The television network once known as American Movie Classics isn’t much known for featuring movies anymore. Nowadays, the network is better recognized for its stable of popular and critically acclaimed original television series like Mad Men and Breaking Bad.
While AMC’s Hell on Wheels hasn’t enjoyed the critical accolades of Mad Men or the titanic audience of The Walking Dead, it has garnered a respectable viewership and more-than-decent reviews. Just weeks after the grim n’ gritty Western drama ended its second season, the show has been placed on track for season 3, set to air in 2013.
According to Deadline, AMC has officially ordered ten new episodes of Hell on Wheels. This is quite the win for the Western, as the show saw a hefty decrease in viewership over the course of its second season, due largely to the loss of the tremendously popular Walking Dead as a lead-in. Despite the audience drop-off between seasons, Hell on Wheels managed to hold onto a sizable (and increasingly loyal) viewership. As such, the decision to renew the property was probably not a tough one for AMC executives.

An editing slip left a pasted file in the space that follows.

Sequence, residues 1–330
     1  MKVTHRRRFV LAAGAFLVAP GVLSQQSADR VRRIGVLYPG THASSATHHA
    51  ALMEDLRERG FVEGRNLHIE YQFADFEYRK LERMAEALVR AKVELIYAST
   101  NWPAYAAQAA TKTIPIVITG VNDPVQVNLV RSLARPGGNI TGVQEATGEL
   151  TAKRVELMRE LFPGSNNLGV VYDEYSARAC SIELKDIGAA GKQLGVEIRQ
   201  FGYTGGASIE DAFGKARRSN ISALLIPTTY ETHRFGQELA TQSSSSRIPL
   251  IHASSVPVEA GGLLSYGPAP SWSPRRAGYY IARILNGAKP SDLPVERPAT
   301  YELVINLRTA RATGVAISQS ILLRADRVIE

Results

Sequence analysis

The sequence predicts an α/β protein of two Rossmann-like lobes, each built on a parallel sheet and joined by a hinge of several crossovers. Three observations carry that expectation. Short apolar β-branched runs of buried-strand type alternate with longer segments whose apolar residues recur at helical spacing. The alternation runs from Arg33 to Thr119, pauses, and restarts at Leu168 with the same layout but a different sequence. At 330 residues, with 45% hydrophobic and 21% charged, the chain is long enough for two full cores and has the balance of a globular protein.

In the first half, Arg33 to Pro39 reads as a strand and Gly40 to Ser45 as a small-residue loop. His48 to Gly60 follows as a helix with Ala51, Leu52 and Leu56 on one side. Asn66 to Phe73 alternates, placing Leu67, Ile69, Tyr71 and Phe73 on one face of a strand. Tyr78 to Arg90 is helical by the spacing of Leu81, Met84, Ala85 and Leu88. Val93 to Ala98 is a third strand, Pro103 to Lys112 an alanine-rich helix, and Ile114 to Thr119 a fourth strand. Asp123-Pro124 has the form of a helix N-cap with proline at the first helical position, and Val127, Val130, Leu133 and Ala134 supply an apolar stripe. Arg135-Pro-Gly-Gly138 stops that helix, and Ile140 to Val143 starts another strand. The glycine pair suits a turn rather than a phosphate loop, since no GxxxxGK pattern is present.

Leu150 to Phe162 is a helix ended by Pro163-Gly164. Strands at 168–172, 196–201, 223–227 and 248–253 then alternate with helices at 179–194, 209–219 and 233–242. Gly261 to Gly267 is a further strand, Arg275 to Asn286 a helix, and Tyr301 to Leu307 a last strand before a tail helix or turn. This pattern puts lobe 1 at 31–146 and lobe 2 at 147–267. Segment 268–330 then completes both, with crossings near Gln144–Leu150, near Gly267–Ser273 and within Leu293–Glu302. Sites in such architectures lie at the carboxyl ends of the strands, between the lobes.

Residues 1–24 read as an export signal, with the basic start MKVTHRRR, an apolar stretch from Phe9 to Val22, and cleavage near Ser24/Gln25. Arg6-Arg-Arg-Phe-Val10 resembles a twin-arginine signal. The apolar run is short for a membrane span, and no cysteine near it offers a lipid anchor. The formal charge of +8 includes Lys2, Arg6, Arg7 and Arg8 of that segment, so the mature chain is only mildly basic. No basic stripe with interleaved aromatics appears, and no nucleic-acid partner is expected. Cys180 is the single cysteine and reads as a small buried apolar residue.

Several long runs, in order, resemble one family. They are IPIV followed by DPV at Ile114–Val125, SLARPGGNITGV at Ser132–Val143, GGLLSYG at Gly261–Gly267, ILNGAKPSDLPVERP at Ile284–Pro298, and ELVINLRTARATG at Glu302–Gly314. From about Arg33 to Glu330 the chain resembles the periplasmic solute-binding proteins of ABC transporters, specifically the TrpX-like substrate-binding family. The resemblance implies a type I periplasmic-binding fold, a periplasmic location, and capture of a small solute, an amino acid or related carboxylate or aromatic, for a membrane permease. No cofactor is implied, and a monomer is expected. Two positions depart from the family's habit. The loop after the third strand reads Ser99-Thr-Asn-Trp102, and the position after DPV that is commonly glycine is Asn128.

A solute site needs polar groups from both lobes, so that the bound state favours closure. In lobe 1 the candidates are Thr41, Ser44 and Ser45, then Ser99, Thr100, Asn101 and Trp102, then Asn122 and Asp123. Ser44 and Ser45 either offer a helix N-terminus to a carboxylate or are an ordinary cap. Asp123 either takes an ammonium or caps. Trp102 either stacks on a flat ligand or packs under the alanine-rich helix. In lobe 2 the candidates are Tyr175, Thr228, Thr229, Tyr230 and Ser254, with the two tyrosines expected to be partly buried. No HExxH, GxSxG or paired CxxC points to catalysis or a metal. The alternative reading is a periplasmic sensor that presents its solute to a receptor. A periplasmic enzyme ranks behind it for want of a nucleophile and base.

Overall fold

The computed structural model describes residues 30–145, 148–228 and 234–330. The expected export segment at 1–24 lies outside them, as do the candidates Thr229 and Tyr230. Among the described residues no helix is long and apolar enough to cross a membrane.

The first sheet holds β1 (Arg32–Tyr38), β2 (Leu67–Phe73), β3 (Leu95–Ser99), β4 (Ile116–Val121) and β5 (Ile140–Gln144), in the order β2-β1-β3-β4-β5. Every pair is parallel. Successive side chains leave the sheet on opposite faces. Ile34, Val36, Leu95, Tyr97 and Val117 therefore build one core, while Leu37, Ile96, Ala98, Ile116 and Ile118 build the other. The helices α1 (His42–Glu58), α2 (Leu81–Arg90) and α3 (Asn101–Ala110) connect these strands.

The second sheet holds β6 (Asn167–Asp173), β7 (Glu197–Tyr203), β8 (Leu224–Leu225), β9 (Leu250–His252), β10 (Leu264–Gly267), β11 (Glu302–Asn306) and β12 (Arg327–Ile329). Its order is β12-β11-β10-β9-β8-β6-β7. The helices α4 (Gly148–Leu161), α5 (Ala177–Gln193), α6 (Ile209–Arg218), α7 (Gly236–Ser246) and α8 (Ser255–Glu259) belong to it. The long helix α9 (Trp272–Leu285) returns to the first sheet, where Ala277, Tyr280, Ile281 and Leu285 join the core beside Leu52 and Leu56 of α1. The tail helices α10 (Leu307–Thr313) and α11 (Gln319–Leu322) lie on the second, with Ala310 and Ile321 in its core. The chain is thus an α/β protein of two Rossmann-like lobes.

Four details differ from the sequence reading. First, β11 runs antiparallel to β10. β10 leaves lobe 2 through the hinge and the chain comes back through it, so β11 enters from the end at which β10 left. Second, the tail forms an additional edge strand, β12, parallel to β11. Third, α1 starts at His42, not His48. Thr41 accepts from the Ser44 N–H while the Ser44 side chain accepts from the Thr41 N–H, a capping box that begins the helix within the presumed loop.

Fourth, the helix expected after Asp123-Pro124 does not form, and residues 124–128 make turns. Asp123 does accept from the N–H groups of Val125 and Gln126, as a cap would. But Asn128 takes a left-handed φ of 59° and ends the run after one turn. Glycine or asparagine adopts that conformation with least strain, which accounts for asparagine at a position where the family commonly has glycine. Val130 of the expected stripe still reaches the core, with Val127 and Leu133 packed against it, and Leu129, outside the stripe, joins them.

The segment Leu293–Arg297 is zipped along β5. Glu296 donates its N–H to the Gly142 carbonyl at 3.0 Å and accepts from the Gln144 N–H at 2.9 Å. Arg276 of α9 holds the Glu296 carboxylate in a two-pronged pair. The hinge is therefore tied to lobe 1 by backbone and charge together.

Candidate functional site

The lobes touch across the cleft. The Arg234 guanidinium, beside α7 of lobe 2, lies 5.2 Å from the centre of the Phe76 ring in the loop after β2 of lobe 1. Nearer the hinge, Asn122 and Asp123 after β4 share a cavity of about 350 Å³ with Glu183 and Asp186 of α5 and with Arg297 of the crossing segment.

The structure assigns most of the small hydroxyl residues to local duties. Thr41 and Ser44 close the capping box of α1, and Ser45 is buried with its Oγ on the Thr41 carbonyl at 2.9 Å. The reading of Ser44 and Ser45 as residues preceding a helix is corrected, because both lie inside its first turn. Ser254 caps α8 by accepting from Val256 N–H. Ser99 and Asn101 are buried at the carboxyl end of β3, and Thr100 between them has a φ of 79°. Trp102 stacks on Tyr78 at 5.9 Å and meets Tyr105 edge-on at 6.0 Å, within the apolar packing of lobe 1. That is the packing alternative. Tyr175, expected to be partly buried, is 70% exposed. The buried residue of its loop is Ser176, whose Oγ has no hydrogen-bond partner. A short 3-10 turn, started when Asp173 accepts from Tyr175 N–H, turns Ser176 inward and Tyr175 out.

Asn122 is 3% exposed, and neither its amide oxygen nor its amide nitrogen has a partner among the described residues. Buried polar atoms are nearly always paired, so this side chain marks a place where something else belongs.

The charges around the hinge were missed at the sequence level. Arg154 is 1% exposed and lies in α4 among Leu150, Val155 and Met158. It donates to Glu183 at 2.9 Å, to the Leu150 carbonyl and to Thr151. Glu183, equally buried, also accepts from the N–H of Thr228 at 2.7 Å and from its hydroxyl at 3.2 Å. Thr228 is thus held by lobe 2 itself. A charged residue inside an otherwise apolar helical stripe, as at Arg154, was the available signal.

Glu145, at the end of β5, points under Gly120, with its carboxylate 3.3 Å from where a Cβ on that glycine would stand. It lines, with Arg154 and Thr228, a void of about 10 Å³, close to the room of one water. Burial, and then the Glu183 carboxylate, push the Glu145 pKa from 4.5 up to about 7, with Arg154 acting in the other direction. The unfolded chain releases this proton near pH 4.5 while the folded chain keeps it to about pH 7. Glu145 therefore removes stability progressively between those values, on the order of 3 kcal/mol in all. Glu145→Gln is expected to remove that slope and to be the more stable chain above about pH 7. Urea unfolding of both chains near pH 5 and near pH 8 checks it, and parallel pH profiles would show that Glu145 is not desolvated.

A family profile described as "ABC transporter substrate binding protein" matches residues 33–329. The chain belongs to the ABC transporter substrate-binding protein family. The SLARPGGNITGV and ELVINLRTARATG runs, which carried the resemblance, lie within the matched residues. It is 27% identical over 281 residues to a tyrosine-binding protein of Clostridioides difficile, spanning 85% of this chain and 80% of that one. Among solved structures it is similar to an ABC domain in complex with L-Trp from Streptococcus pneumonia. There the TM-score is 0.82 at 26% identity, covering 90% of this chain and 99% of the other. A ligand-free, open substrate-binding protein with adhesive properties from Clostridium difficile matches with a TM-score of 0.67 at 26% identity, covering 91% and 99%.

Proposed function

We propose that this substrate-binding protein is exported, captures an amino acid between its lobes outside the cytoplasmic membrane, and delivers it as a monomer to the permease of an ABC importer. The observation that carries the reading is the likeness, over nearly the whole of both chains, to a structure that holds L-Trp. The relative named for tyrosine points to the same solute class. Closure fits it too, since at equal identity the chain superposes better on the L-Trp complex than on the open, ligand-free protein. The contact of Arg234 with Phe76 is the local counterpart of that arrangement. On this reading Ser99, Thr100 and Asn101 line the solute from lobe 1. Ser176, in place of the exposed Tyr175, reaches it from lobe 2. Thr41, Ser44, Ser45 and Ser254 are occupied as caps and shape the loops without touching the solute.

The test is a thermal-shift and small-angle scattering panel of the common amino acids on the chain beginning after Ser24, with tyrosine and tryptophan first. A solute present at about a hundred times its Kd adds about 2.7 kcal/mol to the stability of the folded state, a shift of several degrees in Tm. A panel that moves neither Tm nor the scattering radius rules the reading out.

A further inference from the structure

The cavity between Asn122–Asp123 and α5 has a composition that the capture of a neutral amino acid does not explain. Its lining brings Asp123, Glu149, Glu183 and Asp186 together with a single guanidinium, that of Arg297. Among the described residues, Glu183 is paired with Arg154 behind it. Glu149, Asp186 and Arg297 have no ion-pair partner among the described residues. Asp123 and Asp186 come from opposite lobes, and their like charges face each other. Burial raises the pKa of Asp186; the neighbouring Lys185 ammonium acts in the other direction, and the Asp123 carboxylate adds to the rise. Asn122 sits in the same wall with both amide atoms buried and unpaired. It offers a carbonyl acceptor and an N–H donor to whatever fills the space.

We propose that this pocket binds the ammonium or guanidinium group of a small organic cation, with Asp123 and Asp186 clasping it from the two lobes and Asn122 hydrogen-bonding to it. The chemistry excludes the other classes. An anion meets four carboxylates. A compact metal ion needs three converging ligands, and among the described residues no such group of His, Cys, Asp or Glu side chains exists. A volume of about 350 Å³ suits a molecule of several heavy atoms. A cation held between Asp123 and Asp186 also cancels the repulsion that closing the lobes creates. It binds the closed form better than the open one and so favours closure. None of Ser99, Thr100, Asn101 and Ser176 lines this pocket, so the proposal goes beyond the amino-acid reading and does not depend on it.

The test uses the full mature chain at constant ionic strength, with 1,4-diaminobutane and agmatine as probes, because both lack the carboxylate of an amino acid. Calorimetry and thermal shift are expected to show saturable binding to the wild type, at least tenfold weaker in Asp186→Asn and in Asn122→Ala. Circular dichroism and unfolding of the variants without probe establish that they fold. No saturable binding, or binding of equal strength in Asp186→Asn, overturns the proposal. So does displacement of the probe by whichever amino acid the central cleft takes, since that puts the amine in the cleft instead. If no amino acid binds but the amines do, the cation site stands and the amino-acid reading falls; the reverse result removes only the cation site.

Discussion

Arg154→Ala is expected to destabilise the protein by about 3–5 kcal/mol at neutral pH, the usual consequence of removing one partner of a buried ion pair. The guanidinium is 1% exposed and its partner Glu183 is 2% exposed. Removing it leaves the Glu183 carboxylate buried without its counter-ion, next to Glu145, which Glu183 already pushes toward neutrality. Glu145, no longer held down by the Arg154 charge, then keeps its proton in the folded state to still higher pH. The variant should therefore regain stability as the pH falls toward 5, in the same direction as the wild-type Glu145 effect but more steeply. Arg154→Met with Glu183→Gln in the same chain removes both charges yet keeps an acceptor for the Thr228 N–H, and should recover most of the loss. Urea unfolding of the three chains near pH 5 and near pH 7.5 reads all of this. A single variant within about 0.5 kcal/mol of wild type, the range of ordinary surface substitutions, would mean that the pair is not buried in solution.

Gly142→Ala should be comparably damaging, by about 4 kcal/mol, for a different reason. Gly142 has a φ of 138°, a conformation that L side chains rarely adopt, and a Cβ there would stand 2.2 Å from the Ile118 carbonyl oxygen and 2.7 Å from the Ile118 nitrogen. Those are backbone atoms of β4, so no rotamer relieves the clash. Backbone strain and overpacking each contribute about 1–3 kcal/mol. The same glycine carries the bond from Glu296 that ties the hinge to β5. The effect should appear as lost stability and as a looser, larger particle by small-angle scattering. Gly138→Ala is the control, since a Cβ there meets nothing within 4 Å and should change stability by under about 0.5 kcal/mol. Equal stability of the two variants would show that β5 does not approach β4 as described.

Though Hell on Wheels will return with all the gun-fighting, scheming, ruthless frontier capitalism, and bloody revenge of its previous seasons, it will do so without two crucial elements to its success: Showrunners Joe and Tony Gayton are stepping down from the drivers’ seats. Having fulfilled their two-year contract to write and direct the series, the Gaytons have decided to move on to other projects. In their place, writer/director John Shiban will take over as the primary creative engine of Hell on Wheels’ third season (and perhaps beyond).
The departure of prime movers can signal a major shift in the tone and direction of any creative enterprise. This is especially true of closely controlled television series like Hell on Wheels, the first twenty episodes of which saw a lot of writing input from the Gayton brothers. John Shiban has written and directed several episodes of Hell on Wheels already, so the show no doubt displays his personal stamp, as well. The real question is whether or not that stamp will come to redefine the series as something very different - and perhaps even better - than before.
Hell on Wheels should return to its manifest destiny mid-2013.
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